Indiana judge declines to release Sugarland testimony

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A judge hearing several lawsuits filed over last summer's Indiana State Fair stage collapse declined Wednesday to release depositions from country duo Sugarland and told a plaintiff's attorney he shouldn't have publicized videotaped portions of the lead singer's testimony last month.

Marion Superior Court Judge Theodore Sosin also told attorneys for numerous parties involved in those lawsuits that he'll rule by early next week on a schedule for moving those suits toward resolution and may also expand an existing gag order.

Just before Sugarland was scheduled to take the stage for a concert the night of Aug. 13, stage rigging collapsed, killing seven people and injured nearly 60 others. Fair officials say they had a concert promoter ask the band twice to delay the concert because of concerns about severe weather, but were rebuffed.

Valparaiso attorney Kenneth J. Allen, who represents several of the victims, released videotaped portions of Sugarland lead singer Jennifer Nettles' deposition. He said he released that video in response to what he called inaccurate statements by the band's publicists.

Nettles said in the deposition she was told about 90 minutes before the scheduled start of the concert that weather was coming but wasn't specifically told it was a severe thunderstorm. She said she relies on others to alert her about weather.

Allen asked the court Wednesday for permission to release full transcript of Nettles' deposition and also that of fellow band member Kristian Bush. He said those documents would help his clients counter what he called misleading statements by Sugarland's "publicity machine."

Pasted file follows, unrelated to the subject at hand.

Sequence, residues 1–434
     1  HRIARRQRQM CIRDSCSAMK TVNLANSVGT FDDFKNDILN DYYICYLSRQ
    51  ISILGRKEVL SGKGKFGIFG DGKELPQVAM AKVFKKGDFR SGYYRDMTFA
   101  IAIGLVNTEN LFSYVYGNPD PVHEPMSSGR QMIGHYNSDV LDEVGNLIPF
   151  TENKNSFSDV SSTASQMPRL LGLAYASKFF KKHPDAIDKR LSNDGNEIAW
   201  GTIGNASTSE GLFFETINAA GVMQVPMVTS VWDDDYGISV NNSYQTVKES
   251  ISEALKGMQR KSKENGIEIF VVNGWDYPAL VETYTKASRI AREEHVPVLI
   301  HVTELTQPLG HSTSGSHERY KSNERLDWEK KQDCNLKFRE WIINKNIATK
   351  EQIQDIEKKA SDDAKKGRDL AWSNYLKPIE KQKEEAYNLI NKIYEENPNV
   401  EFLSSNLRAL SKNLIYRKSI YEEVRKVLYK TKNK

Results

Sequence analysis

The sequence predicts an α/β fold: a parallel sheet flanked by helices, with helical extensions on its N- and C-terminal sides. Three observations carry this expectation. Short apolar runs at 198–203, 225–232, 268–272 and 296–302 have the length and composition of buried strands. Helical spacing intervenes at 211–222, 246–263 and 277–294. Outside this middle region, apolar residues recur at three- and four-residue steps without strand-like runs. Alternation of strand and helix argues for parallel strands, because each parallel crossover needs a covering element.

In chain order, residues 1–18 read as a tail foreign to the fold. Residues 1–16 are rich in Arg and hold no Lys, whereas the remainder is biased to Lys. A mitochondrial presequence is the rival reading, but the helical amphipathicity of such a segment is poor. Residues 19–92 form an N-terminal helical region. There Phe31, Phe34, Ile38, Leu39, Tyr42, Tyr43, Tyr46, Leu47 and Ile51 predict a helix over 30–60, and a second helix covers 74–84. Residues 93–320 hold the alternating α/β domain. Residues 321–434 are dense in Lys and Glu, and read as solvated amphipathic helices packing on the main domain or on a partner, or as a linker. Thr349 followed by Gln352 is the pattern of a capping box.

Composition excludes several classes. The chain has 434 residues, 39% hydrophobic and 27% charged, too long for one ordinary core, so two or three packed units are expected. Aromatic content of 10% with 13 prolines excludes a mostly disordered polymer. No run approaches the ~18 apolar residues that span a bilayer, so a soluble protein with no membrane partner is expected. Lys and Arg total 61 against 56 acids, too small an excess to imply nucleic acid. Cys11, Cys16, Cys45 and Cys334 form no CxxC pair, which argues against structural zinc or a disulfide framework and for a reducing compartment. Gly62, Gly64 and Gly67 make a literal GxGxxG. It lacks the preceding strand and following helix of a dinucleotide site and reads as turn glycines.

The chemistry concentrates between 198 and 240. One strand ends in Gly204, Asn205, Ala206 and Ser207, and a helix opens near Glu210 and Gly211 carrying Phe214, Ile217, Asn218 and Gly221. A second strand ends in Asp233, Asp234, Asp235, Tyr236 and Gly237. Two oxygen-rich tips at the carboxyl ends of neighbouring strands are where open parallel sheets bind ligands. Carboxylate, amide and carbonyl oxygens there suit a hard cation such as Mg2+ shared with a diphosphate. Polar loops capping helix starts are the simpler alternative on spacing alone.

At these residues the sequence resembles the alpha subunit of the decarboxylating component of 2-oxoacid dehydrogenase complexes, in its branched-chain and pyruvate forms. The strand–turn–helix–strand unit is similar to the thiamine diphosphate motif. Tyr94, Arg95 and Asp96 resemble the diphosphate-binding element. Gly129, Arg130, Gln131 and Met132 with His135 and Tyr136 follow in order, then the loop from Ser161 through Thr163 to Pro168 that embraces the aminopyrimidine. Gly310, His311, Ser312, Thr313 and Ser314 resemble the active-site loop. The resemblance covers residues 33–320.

"Our problem is our clients don't have publicists," Allen told the judge.

Bill Johnson, an attorney for the band's ownership company, Lucky Star Inc., told Sosin with sarcasm that he considers Allen's comments "very interesting."

Johnson said four of the five statements released by Sugarland's publicists had been drafted as direct responses to comments made or statements released by Allen. He also said the selected portions of Nettles' video deposition that Allen had released was a "stunt" to cast Sugarland in a bad light and suggest the bad somehow contributed to the tragedy.

"They're the entertainers and they caused it — that's the spin he's put on it," Johnson told the judge.

Sosin said he would not allow the release of Nettles and Bush's depositions because they're covered by a gag order he approved in January barring the release of certain evidence. The judge said that he'll rule early next week on whether to expand the scope of that protective order.

Sosin also reminded the attorneys that they are all subject to standards of ethical conduct and could face repercussions if they violate those standards. He also criticized Allen for attaching the band members' full deposition to his motion seeking the release of those transcripts.